The hardest part of writing emails, for me, is deciding how to sign them. (This is the “valediction“, as I just learned from Wikipedia.) Most everyone I correspond with has a set line. “Best, Dan”. “Kindest regards, Matt”. “All the best, John”. Professors seems especially fond of variations on “best”; the first time I noticed a note signed thus, I said to myself, “Wow, Mike Morrison really cares!” In retrospect he really did care, but I would never infer that from the stock phrase now.
When the context is right (mainly on listserv discussions), I use a line I picked up from Steve Fuller: “Yours in discourse”. I found Fuller’s use of the phrase effective in bringing a conversation back to the level of arguments and their merits…since he frequently takes unpopular stands (sometimes playing devil’s advocate, sometimes not) that others take personally or respond to with what, on Wikipedia, would be called “personal attacks“.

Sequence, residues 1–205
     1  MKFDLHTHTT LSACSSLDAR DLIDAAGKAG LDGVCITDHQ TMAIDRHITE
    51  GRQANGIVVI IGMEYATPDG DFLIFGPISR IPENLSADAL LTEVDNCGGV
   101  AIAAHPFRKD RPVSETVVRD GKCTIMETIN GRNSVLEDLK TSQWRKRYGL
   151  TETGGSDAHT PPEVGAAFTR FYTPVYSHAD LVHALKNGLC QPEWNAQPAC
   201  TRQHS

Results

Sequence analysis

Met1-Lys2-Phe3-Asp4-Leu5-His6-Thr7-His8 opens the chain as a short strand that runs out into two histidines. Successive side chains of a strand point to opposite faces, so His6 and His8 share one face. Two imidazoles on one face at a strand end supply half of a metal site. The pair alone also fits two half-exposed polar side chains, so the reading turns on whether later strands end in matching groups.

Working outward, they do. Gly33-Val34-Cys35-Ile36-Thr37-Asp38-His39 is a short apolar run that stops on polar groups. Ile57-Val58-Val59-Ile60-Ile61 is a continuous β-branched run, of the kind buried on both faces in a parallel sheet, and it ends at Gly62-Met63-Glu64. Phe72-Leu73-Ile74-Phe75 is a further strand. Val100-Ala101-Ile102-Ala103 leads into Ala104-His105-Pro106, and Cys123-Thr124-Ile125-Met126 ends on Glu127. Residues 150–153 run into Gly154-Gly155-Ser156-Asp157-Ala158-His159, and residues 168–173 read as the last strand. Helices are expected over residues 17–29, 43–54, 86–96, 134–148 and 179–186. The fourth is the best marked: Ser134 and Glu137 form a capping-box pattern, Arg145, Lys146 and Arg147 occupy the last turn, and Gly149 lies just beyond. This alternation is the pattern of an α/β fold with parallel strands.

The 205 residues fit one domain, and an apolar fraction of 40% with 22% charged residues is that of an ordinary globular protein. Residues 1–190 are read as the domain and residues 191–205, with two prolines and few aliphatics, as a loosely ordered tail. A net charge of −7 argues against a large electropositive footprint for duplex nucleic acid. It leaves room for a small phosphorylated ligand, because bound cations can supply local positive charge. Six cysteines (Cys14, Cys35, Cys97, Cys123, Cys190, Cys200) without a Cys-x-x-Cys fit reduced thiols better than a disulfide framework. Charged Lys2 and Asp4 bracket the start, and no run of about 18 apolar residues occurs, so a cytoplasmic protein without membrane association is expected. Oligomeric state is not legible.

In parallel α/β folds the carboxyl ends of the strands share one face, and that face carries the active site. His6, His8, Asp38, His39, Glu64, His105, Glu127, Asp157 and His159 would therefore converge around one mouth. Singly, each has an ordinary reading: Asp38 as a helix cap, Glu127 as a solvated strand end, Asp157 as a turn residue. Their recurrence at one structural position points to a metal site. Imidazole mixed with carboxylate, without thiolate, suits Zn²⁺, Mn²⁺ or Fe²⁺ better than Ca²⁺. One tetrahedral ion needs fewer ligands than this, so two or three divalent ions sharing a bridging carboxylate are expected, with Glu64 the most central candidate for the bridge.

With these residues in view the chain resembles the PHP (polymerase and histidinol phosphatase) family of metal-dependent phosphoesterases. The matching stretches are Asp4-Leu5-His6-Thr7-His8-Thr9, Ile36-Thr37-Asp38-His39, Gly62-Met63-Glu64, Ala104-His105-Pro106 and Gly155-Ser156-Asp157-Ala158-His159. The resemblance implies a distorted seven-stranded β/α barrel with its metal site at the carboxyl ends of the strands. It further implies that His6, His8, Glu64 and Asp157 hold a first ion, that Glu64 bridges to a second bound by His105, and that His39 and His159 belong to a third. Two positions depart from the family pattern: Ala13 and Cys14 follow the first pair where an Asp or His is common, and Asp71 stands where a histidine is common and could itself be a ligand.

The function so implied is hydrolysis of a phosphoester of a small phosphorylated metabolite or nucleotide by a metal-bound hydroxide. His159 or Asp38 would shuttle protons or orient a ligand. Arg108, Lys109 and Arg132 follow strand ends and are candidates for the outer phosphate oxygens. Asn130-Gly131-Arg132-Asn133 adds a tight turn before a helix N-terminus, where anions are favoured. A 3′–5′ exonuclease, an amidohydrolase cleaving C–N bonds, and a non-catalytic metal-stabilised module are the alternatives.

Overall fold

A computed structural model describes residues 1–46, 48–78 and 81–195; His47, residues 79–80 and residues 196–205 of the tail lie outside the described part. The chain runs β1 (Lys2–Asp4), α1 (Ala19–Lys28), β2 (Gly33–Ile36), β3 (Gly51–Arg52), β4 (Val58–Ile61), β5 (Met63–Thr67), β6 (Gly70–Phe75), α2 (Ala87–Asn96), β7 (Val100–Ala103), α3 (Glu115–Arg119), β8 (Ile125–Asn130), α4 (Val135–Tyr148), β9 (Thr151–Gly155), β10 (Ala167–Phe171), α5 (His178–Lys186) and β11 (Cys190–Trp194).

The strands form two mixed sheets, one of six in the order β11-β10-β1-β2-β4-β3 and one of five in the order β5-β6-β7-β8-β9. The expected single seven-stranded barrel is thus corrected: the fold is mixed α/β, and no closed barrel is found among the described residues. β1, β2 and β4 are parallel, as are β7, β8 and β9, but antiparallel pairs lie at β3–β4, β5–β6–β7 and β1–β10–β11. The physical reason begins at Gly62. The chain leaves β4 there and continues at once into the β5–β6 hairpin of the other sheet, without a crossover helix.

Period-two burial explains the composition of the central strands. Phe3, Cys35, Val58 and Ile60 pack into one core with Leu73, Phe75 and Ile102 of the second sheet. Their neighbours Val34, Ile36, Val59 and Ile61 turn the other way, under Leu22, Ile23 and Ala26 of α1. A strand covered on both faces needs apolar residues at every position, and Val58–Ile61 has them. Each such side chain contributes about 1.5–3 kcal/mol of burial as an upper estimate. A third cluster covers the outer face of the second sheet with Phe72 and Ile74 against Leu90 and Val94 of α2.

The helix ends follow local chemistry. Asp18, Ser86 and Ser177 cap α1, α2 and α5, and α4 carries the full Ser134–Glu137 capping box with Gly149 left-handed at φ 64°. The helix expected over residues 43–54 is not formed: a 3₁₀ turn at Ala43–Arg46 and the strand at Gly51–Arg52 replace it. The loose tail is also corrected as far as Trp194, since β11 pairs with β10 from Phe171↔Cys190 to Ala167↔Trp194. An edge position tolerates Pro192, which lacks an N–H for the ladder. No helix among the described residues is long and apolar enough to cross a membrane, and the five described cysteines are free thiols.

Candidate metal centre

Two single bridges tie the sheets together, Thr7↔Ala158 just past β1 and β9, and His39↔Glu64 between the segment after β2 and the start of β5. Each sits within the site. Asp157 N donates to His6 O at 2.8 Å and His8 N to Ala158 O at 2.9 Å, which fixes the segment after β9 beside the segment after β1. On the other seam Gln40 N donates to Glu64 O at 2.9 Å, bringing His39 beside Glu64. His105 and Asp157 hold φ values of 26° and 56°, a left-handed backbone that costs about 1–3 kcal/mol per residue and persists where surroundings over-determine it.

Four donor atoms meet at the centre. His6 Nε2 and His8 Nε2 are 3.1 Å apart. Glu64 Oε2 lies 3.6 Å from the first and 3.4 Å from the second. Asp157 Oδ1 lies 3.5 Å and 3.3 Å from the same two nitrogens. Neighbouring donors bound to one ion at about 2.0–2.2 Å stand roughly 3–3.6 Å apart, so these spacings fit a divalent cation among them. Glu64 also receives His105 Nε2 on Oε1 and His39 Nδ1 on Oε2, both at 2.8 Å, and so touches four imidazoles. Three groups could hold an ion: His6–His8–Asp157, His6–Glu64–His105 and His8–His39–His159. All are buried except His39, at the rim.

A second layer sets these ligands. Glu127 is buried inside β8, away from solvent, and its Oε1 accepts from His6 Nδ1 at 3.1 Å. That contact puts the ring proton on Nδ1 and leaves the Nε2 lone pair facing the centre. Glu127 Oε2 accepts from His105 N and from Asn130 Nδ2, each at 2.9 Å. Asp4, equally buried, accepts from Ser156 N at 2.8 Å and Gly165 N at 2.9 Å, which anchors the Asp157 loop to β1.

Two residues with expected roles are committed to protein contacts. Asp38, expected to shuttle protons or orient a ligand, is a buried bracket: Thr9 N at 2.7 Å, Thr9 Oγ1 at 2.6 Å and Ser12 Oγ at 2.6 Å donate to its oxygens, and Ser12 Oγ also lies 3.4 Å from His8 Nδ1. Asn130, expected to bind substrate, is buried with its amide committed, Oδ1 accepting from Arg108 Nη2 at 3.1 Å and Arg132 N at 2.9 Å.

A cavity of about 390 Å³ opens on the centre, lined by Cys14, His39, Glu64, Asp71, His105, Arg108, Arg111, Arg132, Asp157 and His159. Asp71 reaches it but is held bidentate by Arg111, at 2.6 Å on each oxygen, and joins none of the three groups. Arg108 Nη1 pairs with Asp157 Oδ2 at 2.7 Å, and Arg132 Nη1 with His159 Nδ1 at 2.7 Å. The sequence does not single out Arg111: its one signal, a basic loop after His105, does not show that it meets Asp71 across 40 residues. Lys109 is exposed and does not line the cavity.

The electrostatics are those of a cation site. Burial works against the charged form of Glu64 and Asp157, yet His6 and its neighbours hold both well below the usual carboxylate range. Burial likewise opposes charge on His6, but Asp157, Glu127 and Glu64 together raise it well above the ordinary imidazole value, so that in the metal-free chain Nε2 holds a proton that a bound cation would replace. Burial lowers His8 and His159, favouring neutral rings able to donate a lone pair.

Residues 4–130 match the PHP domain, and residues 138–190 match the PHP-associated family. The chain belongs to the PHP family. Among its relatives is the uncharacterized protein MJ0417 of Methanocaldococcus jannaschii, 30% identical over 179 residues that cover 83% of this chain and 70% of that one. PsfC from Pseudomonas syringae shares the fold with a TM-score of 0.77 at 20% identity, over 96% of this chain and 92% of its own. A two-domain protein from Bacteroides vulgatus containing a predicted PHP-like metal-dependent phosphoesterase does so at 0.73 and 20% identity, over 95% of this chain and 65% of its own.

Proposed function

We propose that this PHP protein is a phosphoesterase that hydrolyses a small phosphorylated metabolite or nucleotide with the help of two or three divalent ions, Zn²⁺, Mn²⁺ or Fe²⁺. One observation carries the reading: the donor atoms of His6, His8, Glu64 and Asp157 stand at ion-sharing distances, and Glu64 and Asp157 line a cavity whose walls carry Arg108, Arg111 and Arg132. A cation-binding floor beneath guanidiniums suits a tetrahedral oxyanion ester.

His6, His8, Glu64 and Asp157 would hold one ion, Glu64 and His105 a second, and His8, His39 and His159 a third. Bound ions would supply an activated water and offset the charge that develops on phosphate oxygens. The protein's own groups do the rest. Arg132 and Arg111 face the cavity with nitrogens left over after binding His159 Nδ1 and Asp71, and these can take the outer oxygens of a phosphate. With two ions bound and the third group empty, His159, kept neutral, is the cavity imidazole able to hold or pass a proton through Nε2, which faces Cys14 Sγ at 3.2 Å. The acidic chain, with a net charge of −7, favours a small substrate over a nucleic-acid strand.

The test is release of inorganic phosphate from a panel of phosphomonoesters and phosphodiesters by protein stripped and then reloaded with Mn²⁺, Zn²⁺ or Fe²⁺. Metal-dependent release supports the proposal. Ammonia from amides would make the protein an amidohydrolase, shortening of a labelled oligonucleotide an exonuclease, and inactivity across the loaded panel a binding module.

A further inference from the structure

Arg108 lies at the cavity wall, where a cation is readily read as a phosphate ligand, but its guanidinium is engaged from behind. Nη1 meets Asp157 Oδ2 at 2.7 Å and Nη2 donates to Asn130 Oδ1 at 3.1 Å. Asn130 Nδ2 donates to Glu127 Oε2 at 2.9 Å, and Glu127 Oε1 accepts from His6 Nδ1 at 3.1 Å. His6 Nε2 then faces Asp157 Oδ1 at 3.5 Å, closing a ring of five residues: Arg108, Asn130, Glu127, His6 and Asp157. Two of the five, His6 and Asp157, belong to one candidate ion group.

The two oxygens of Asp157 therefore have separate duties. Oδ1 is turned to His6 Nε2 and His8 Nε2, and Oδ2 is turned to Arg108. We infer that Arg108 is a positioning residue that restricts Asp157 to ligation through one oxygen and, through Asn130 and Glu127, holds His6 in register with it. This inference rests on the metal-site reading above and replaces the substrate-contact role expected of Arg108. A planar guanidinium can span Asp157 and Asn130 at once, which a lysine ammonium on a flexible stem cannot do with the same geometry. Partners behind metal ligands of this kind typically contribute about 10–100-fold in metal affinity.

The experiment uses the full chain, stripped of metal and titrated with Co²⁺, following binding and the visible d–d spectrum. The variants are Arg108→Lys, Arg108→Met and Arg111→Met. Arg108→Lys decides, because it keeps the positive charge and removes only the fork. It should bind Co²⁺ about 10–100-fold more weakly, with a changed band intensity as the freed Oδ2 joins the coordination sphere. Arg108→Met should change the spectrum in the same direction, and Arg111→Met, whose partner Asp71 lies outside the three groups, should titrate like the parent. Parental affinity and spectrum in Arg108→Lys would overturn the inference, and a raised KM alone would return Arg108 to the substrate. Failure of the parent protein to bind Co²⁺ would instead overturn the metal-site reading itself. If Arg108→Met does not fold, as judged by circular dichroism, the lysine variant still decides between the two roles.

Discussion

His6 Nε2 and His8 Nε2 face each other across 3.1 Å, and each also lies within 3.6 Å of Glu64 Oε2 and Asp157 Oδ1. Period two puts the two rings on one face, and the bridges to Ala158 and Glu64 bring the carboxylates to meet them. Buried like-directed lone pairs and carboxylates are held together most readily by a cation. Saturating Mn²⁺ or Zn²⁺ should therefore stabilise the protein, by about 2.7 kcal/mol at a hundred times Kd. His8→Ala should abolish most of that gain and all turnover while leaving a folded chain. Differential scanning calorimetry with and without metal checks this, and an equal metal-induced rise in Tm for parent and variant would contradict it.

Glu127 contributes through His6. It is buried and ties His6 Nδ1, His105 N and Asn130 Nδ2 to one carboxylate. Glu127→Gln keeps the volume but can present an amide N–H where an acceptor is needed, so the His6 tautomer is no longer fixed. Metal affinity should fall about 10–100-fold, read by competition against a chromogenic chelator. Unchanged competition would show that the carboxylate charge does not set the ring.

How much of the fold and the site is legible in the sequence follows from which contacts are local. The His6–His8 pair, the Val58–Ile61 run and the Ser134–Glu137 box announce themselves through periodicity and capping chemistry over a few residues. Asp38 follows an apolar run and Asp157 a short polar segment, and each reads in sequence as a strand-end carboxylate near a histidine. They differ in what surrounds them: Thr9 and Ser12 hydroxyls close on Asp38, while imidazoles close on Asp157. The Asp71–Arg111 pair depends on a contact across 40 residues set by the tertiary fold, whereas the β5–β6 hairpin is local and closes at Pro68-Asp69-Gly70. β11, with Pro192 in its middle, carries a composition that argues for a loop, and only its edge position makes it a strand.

I like Matt‘s “Kindest regards”, which is a much better alternative to the common and bland “kind regards”. But Matt wants to pretend to be a southern gentleman. Not my game.
My favorite valedictions are the variations on “your servant”. I use them only rarely, because they are more likely to come off as pretentious than sincere. Usually when I do sign with something similar, it’s “In service, Sage”, which is a bit less ostentatious and emphasizes an offer of service over a state of servanthood. It also alludes to Alpha Phi Omega (of which I’m an alumnus), whose cardinal principles are Leadership, Friendship and (especially) Service.
Still, I end up signing most emails “Best, Sage” or “-Sage”. Lame, but at least they’re concise. Maybe someday I’ll invent or steal something better. Until then, I remain, your humble and obedient service, wishing you the best and kindest regards, with all truth and sincerity,